Victoria was kind enough to invite me on her blog tour to further educate on the realities on brain injuries. I encourage you to checkout Victoria’s Kickstarter Campaign and support her awesome cause!


The Day I Learned I Could No Longer Jump (or Learning to Fly)

For M.

Six months after being diagnosed with cerebellar degeneration, six months after a neurologist examined an MRI of my brain, leveled his eyes, cleared his throat and said to me, “you should be dead or in a hospital bed” I’m staring at my physical therapist, Denise, and she’s daring me to jump.

“Jay, I want you to jump.”

“Like up and down?”

“Yes, like jump up and down.”

I smile and look around the St. Lawrence Rehabilitation Center. There are three other patients in the activity center with me. Two women, both walking slow on a treadmill and Bill, a former Navy Captain, who is the proud owner of a new titanium hip. Bill is pedaling a stationary bike and according St. Lawrence lore, Bill has never smiled. Ever.

I’m the youngest one in the activity center by at least 20 years. This is problematic because comparison naturally feeds fiction. Surveying the room, like the true gym class hero I still think I am, I swell with pride believing I’m the most able body in the room.

“Denise, need I remind you that I’m an athlete. A collegiate soccer player. I’ve been jumping my whole life.”

Denise playfully rolls her eyes. This is only my third appointment at St. Lawrence but Denise and I already share a chemistry. It’s December. Football season. I’m an Eagles fan. She’s a Giants fan. In between sets of squats and leg raises I tell her Eli Manning is overrated. She tells me that the stereotypes regarding the jerkiness of Eagles fans is apparently true. She is a turtleneck conservative. No earrings, no rings just a silver cross pinned to her sweatshirt. But she is funny and real and in just our few hours together I stake her as the most compassionate person I ever met.

During a set of lunges Denise tells me that Bill just lost his wife of 40 years to breast cancer. Her brown eyes swell, and then tells me she lost her grandmother to the same disease. Denise and I both look at Bill, we watch him slowly pedal. She tells me it’s her goal to make him smile today.

To be honest, I’ve avoided writing this story for some time now. I guess by writing it, by pinning down its facts, I’m forced to further accept certain truths. I assume I did what most of us do when we don’t have the energy, courage, conviction to deal with truth.  We tuck it away, like a debt, in the darkness of a desk drawer and do our best to forget about it.  But memories, with just the right stimulus, can resurrect without warning. They sit up, blink, open the drawer and leak into the light and remind you that memories, like debts, can be avoided for only so long before they must be attended to.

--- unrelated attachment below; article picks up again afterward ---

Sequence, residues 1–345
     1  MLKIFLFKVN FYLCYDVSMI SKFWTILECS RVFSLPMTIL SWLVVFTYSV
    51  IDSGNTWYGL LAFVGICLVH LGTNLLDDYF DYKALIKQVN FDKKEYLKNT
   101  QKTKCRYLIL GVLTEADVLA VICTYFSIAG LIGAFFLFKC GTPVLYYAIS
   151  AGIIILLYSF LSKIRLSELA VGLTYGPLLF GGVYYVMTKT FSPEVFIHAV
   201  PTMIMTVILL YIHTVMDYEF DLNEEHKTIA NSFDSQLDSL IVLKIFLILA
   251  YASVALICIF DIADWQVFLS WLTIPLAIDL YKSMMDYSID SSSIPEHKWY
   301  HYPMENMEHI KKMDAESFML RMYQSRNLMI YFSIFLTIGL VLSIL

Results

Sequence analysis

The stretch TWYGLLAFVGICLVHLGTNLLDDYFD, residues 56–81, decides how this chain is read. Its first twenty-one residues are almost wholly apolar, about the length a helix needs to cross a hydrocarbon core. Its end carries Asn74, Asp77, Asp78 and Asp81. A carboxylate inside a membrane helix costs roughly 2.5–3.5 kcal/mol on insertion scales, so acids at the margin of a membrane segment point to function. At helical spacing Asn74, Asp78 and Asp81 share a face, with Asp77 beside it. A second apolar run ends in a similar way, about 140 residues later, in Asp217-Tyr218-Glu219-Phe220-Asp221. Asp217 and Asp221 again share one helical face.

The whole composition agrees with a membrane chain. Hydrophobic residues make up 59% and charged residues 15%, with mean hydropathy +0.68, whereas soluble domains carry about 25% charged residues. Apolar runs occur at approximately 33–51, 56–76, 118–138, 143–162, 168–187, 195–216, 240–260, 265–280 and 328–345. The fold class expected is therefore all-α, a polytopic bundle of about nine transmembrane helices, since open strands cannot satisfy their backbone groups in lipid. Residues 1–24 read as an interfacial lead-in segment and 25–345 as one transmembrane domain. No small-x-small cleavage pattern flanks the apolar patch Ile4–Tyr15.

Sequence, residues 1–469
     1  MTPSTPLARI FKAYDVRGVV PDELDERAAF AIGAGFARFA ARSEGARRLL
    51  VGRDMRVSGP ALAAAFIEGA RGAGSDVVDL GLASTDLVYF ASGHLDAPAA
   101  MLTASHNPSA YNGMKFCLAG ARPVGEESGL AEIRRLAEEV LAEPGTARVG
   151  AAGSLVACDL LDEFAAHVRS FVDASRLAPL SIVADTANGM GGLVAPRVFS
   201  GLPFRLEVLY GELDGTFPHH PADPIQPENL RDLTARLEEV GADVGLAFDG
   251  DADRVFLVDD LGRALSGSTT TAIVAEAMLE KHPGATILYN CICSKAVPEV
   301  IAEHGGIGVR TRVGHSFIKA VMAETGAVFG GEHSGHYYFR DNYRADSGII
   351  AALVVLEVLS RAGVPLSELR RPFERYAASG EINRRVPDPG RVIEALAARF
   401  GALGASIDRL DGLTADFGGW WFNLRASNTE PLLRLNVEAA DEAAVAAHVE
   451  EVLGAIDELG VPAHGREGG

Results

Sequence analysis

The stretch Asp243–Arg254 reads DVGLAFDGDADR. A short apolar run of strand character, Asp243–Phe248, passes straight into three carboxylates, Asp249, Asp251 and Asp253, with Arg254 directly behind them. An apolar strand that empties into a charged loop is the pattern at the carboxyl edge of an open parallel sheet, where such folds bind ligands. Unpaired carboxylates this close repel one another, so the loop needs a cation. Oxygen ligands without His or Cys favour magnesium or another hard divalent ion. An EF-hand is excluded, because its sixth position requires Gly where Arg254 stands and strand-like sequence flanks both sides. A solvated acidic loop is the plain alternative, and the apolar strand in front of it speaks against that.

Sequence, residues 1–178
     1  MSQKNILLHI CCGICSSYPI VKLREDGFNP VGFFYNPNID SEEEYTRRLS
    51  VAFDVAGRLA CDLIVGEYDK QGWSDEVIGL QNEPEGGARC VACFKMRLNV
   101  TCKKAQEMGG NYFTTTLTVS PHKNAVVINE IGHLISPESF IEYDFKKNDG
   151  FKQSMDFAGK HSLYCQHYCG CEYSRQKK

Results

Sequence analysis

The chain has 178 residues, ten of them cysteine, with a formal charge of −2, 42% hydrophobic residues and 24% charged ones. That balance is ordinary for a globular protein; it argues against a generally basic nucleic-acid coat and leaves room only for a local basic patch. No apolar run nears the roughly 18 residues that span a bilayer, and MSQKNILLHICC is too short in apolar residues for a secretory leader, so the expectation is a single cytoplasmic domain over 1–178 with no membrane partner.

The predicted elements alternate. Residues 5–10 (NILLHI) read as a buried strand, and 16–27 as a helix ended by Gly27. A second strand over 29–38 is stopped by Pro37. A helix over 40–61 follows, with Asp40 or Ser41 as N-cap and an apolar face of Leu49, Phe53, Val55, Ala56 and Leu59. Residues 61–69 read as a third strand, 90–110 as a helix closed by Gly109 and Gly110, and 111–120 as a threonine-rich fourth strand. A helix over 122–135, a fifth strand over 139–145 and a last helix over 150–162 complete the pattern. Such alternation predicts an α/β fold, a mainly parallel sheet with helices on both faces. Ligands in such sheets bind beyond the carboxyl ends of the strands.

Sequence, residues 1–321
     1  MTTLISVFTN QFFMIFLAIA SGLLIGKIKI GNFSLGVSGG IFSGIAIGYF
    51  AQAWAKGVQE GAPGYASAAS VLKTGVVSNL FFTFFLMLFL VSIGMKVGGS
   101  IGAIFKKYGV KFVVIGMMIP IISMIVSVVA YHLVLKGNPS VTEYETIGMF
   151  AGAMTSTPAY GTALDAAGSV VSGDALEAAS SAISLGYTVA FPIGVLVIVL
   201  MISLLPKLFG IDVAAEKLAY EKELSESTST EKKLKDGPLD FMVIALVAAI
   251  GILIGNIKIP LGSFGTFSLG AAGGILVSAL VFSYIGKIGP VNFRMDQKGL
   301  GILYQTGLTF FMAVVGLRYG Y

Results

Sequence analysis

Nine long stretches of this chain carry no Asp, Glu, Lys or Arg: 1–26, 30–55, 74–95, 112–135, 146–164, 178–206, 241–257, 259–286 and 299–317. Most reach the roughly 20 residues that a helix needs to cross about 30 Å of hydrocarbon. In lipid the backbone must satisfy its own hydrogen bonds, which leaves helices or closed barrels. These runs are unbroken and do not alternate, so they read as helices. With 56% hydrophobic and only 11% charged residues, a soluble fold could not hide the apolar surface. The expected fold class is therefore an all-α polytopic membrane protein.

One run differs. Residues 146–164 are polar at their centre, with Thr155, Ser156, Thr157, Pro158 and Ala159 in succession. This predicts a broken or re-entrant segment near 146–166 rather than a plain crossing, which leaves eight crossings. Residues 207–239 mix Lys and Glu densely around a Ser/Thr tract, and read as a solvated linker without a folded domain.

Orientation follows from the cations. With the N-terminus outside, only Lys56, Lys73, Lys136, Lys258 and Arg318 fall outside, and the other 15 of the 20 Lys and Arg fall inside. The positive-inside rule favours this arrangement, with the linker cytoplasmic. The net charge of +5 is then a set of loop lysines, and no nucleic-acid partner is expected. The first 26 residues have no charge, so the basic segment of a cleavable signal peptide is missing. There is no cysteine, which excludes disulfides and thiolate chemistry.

The stimulus today was a basketball bouncing off the concrete. My son, Chase, is in the backyard, dribbling the length of the patio and shooting on a little net he received for his 4th birthday.  He’s six now and he’s getting good. Dribbling, jump shots, layups. And he’s quickly learning about the earthly battle between the human body and gravity.

Chase makes a jump shot and celebrates. As it often happens with sons, he feels me–his father’s eyes looming because he looks up, with his own blue eyes and finds me framed in the window.

“Come out and play Dad!”

I smile and wave and a trapdoor in my stomach swings open and my heart falls through and keeps falling because but I can’t play. Not now. Not today. Because some days my body aches too much. Because some days my brain does weird things. Like some days it convinces myself that I’m trapped on the Tilt-a-Whirl or I’m buckled to the back of a big black bird or I’m a sneaker in the dryer or I’m frat party drunk. Because some days the fixed world spins, glides, tumbles and wobbles off its axis at speeds beyond what my eyes, my undamaged brain can comprehend. And I guess, some days, I just don’t play because…because I simply cannot risk the embarrassment.

For this story, I need you need to suspend reality. I need you to believe the unbelievable. But the unbelievable is the truth. Truth that the National Institute of Health, the epicenter of rare and novel diseases, couldn’t believe.

Before my diagnosis, I believed that I would do physically heroic dad things, like carrying all three children off to bed like footballs, each tucked under my arm, after the fall asleep on the couch. I believed I would be the MVP of father-son baseball games. I believed my children and I would run 5k’s together and I believed on a perfect summer morning, when the sky was veined with golden light we would ride bikes along the New Jersey coastline.

But we age and learn that real life always falls incredibly short of the one we imagined, of the one we planned.  And yet despite our protests, it’s the unplanned life that teaches more then our fantasies ever will.

“Jay are you ready?”

“Eagles are always ready to fly.”

“Ok, but I’ll be right here, beside you just in case.”

Bill rides a stationary bike. He is straight-faced and staring at me.